Frontotemporal dementia study expanded by Centogene

By Liza Laws

- Last updated on GMT

© Getty Images
© Getty Images

Related tags Dementia clinical study Centogene Life sciences companies

Mutation in the progranulin (GRN) gene is just one of several hereditary factors that can cause frontotemporal dementia, a rare and rapidly progressive neurodegenerative disease.

In the run-up to this year’s Rare Disease Day (RDD) on February 28, Centogene a data-driven life science company, expanded its observational study to advance the genetic understanding of frontotemporal dementia (FTD).

The observational epidemiological study in frontotemporal dementia (EFRONT) study is increasing its number of sites to expand access to geographic specific clinicians actively engaged in FTD research.

Since 2008, RDD has been bringing together physicians, patient organizations, researchers, medical companies, and of course, rare disease patients from around the world, raises awareness and serves as an opportunity to generate change for the rare disease community.

With its extensive network of approximately 30,000 active physicians, Centogene will use the study to enroll and complete data-rich genetic testing for over 2,500 FTD patients who have been diagnosed or are suspected to have the disease to learn more about the genetic makeup of the disease.

As part of this ongoing work, the study will expand its efforts across seven countries – increasing access to clinicians actively engaged in FTD research. The study is being conducted with support from Alector, Inc., a clinical-stage biotechnology company pioneering immuno-neurology.

EFRONT study participants with genetic mutations in the progranulin (GRN) gene will have the option to enroll in Alector’s phase 3 INFRONT-3 clinical trial of latozinemab, an investigational therapeutic candidate designed to increase progranulin levels for the treatment of FTD.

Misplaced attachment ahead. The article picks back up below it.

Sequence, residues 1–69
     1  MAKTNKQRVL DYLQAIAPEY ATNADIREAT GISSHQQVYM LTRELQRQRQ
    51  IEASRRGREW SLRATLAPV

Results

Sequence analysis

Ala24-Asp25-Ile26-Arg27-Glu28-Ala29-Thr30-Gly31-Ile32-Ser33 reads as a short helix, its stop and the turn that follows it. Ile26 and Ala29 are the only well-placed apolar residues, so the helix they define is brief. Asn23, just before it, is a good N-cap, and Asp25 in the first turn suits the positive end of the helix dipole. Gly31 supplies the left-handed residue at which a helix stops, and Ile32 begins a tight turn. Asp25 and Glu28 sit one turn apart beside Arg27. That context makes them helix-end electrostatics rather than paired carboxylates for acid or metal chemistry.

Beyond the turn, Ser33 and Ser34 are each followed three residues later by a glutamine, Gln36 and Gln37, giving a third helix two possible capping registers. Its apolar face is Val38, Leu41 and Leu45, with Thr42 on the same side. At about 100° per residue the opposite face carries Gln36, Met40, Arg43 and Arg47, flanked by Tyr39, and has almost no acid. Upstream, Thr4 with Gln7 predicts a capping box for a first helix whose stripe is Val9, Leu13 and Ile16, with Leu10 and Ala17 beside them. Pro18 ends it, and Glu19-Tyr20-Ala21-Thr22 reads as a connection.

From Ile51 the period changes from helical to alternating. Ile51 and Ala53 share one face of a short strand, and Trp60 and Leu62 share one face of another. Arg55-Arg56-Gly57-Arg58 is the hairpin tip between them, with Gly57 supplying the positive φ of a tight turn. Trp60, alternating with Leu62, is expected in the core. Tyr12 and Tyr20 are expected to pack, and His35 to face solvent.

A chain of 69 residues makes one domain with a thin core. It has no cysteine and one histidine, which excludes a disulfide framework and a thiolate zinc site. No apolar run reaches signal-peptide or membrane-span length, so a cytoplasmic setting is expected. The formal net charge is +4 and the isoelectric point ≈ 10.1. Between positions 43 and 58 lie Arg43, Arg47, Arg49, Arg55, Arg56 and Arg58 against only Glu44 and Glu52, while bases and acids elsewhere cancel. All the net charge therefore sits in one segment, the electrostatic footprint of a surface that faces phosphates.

“Frontotemporal dementia is a rapidly progressing neurodegenerative disease, with no FDA-approved treatments,” said Kim Stratton, chief executive officer at Centogene.

“We are committed to establishing a more inclusive and comprehensive approach from the very beginning of the pipeline to the end. This can only be achieved using diverse knowledge of rare and neurodegenerative diseases, which can be sourced from our biodatabank, from diagnostics to drug discovery, development, and commercialization.”

Alector is a clinical-stage biotechnology company with a therapeutic approach using immune-neurology for the treatment of neurodegenerative diseases. Its developing a broad portfolio of innate immune system programs designed to functionally repair genetic mutations that cause dysfunction of the brain’s immune system and enables the rejuvenated immune cells to counteract emerging brain pathologies. 

“Frontotemporal dementia is a devastating disease for which new treatment options are urgently needed,” said Gary Romano, chief medical officer of Alector.

“The EFRONT study helps us understand the genetic factors of the disease with the ultimate goal of advancing therapeutic options for patients living with FTD.”

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